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Suddenly I Can

Do you know that point were you aren’t ready to go to bed, but your too tired to engage your brain in a task? That’s where I was when I decided to pick up the closest pair of knitting needles and a nearby ball of leftover yarn. I looked up this handy set of diagrams   from the Craft Yarn Council and I was off.  Knitting has been my Waterloo for over a decade.    I did manage to learn to form knit stitches once and to form purl stitches once.  The two just refused to come together.  Eventually, I gave up and decided to try a sock loom.  Really. I wrote a post about it in October of 2018.  I don’t know it was ever posted.  Using the sock loom helped me to understand the way the yarn flows and how the stitches are built.  The structure of the fabric became readable.  All of that seems to have been the key I needed to unlock knitting for me.  Now, to try following a pattern.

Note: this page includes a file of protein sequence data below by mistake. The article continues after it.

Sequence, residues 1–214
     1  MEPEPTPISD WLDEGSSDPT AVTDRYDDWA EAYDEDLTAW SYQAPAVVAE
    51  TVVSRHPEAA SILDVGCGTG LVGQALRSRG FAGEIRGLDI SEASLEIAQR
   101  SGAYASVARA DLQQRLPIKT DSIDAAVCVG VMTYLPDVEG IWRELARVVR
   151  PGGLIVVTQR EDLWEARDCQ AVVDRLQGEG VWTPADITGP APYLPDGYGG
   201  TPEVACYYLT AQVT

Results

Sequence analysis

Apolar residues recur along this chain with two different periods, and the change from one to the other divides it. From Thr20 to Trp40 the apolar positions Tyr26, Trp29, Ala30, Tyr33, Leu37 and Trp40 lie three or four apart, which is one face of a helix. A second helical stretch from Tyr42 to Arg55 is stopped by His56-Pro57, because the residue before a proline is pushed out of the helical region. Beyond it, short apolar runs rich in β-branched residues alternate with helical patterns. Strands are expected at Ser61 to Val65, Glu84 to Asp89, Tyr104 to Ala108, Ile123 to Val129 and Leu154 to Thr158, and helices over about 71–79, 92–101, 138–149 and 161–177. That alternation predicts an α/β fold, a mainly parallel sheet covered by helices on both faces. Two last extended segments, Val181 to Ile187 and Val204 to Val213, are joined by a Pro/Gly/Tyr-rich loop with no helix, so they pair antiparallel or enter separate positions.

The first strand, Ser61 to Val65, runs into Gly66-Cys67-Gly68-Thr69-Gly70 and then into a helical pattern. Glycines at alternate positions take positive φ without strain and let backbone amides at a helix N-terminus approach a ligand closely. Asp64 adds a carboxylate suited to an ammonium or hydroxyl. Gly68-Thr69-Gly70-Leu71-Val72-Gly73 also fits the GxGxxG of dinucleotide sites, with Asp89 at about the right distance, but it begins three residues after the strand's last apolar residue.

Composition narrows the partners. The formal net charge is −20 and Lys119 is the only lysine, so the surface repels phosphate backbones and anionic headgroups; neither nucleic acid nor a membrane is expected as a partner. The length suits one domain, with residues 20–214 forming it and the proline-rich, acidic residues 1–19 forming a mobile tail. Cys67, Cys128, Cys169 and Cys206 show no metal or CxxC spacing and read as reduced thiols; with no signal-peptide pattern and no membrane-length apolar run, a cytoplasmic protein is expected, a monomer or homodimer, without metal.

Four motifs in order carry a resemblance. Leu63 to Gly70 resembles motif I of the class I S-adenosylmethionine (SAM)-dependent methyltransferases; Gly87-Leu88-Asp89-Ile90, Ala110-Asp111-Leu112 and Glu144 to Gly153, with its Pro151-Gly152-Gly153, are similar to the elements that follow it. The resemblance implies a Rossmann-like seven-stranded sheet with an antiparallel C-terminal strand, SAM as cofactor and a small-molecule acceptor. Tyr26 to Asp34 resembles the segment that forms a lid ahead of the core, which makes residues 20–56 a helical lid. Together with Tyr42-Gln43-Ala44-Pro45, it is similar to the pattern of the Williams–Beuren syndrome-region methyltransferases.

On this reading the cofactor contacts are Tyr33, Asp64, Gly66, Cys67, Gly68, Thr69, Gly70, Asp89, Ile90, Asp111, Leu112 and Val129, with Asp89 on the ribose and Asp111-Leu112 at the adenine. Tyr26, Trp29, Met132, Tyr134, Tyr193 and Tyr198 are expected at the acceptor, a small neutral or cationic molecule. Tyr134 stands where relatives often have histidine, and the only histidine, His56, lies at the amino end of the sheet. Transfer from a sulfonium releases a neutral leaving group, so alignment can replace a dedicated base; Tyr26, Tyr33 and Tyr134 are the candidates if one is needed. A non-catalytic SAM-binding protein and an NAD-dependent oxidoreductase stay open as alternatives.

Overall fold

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Kid Made

O’s allowance gets spent primarily on roving and yarn. Sure he buys toys at the thrift store, but those <$2 purchases can’t compare to the quick $10 braid of roving. This is largely because, shopping is ugh! while fiber festivals are are yay! and trips to Joann Fabrics are regular necessities. Last time we were in the kids picked out more of the doodles fabric, but this time there was a twist. Yes, it was on sale, a prerequisite, but they were going to sew it. O is still working on his, but since A, being 5, was only responsible for cutting out fabric and sewing seams, she’s done. The theme was definitely pockets. She has 2 in seam pockets, a chest pocket and a kangaroo pocket.

The leggings, were a request and are Mommy made, because this stuff was taking forever and I needed a muslin for additional leggings for school this fall.  Because the kids chose their fabric first, looking through patterns will be a future treat.  Instead  I asked them to describe what they wanted to make.  A shirt?  Pants?  Dress?  They were in charge of the design decisions.